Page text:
Taxis at Walt Disney World
While Disney has a FREE transportation system at Walt Disney World (mostly buses, but also boats and monorails), occasionally it’s not terribly convenient or can take a long time. Taxis can save you time and improve your comfort level — both of which increase the value of your vacation! I’ve compiled information about Disney World taxis – a fare estimator, the best usage, and general tips below.
If the price of a rental car is expensive at the time you plan to travel, in some cases it will be cheaper to use a shuttle, towncar, van or limo to get to and from the airport, and then use taxis to get around while you’re at Walt Disney World. By using taxis instead of a rental car you don’t have to worry about parking fees, valet tips, car seat rental (most taxi vans at Disney World will provide them for free on request), or accident insurance. Plus, you will be dropped off at the front gate, won’t have to remember where you parked, and your family will not have to climb into a hot car!
Using a taxi is especially terrific if you have little ones and decide to stay late in a theme park to enjoy the fireworks. Instead of rushing out with the crowds after the show and waiting for three Disney buses before it’s your turn, you call a cab and get those tuckered-out kids back to the hotel in a fraction of the time.
Even if you’re staying on property, a taxi can drastically reduce the hassle factor of going out to dinner at Disney’s resorts (including the Hoop Dee Doo Revue and Spirit of Aloha dinner shows), since there is no direct resort-to-resort transportation.
The taxi fare to get all the way across the Disney property should seldom exceed $20 plus tip. To get a general idea, you can use the Taxi Fare Estimator offered by Mears Transportation, which the official provider of taxi services on Disney property. I would advise you to round up: I’ve found fares are often 20% higher or so, and some drivers will take you by the most roundabout routes. Also, note that not all locations at Walt Disney World and the surrounding area are included in the Taxi Fare Estimator. For instance, Disney’s Hollywood Studios isn’t listed (use Epcot, which is close). Neither is Downtown Disney (use Disney Institute) or Animal Kingdom (use Blizzard Beach and add a few bucks).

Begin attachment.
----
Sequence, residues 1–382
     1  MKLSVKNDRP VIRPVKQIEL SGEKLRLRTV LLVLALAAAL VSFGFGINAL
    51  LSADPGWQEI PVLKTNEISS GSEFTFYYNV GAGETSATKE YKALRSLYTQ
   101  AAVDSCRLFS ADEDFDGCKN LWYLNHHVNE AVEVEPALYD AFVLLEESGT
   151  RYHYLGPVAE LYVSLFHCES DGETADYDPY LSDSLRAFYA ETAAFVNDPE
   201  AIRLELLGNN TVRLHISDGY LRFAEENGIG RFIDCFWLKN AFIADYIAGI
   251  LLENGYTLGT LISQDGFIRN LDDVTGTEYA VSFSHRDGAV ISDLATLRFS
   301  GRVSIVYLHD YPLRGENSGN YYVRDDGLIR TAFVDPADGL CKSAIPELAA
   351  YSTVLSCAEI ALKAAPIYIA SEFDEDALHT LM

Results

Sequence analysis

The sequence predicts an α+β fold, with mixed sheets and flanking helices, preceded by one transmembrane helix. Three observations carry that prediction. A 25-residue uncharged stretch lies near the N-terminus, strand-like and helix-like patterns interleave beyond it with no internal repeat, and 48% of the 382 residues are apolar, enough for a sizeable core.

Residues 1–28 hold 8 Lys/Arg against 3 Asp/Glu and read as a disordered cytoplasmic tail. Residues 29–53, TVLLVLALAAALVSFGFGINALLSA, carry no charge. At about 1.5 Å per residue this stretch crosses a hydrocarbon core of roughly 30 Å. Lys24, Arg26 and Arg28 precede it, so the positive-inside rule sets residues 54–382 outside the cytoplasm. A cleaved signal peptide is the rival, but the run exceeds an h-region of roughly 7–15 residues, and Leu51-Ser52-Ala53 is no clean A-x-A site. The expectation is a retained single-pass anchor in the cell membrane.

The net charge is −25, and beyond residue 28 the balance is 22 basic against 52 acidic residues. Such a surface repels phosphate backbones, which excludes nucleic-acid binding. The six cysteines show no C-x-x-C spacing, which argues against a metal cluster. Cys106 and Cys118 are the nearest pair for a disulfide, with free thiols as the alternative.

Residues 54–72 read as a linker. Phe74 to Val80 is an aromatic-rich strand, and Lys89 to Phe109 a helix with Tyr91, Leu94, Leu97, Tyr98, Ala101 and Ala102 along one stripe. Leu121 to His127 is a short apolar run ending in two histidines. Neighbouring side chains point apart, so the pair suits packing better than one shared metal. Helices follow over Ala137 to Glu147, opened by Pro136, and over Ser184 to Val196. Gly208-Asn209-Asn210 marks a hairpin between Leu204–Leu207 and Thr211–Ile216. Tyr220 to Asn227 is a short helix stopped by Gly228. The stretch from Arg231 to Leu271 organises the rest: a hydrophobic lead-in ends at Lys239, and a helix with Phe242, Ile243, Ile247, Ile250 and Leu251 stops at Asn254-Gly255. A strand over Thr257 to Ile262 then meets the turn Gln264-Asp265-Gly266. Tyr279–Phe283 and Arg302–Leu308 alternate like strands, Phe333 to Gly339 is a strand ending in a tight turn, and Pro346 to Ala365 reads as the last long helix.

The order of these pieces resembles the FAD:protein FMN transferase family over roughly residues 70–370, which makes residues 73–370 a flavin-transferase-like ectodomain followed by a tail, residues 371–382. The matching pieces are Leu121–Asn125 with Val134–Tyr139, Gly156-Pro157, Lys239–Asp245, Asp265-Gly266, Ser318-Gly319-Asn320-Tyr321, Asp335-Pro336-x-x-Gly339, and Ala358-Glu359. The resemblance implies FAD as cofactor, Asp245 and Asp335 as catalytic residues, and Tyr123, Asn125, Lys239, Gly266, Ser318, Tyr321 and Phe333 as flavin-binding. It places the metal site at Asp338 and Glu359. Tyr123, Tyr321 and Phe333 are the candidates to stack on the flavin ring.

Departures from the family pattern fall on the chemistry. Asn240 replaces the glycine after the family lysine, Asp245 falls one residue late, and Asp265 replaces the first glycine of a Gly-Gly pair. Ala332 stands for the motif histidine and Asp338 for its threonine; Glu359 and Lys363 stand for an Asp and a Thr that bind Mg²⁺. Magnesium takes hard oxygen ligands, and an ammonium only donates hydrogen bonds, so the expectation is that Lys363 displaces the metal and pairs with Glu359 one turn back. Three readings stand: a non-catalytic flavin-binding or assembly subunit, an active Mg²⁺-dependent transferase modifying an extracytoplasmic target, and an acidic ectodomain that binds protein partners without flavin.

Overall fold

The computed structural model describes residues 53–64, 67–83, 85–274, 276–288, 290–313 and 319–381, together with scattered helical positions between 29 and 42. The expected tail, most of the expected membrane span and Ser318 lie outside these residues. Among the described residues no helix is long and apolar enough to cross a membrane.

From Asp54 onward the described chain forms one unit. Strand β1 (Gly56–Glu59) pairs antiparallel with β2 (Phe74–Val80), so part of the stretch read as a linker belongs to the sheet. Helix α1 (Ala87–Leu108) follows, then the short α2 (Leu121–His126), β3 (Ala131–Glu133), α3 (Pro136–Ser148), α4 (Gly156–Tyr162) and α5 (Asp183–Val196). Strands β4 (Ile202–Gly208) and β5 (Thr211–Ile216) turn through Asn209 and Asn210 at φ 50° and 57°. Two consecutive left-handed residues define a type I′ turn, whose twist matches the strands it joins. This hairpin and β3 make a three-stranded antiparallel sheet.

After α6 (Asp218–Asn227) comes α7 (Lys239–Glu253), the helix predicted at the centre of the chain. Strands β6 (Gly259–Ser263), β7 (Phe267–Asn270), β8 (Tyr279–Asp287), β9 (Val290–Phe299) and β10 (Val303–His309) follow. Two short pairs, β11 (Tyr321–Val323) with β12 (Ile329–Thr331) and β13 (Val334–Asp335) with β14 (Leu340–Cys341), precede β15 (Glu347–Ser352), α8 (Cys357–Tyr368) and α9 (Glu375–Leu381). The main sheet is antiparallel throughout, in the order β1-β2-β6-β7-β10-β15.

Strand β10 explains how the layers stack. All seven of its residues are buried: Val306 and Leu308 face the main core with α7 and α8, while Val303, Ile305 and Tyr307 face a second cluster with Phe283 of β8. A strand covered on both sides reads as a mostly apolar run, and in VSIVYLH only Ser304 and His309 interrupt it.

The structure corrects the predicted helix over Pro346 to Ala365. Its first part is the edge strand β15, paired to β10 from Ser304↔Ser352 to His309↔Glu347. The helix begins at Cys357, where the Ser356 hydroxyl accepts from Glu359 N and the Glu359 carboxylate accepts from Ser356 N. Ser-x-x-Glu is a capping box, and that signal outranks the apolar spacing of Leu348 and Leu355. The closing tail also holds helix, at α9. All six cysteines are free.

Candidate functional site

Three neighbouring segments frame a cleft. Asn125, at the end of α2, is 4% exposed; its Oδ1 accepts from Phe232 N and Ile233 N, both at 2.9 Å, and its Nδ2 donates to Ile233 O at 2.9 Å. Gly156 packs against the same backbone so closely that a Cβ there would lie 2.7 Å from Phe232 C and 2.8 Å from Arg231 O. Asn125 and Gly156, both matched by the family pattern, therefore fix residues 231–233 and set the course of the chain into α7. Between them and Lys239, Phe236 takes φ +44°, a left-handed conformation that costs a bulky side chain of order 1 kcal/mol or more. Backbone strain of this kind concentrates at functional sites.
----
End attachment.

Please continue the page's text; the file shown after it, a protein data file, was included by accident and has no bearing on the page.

If you choose to use taxis to get around at Walt Disney World, here are some tips to remember:
- Unless you are desperate, use only the yellow cabs (sedans and vans) with meters! There are different brand names on the vehicles (Yellow Cab, Checker, City or Safety), but they all are yellow and all operated by Mears Transportation, which has an official relationship with Disney. Ask what the approximate fare will be, BEFORE you get in the cab. If it sounds too high, get a different cab.
- All other cabs and vans are “gypsy” (independent) operators operating unmetered vehicles and there have been horror stories about the outrageous fares they’ve charged. One of my readers was charged $40 for a trip from Downtown Disney to a theme park. If you must use one of these operators, negotiate a flat rate for your trip BEFORE you get in the vehicle.
- If possible, have the front desk or valet parking staff at your hotel call Yellow Cab for you. The response will usually be faster than if you call yourself. If you are not staying at a Disney hotel, be sure to specify that you want Yellow Cab, because some non-Disney hotels have arrangements with overpriced “gypsy” cab companies.
- You can also call for a cab directly: the number is (407) 699-9999. This number dispatches yellow cabs from all of the companies listed above. If possible, carry a cell phone with you to call for service when away from your hotel.
- If you are a group of 5 or more, be sure to request a taxi VAN, which has a capacity of up to 7 people and does not cost more than a regular taxi sedan.
- In addition to meter cost of the taxi ride, be sure to budget for a standard tip (approximately 15%) for the driver.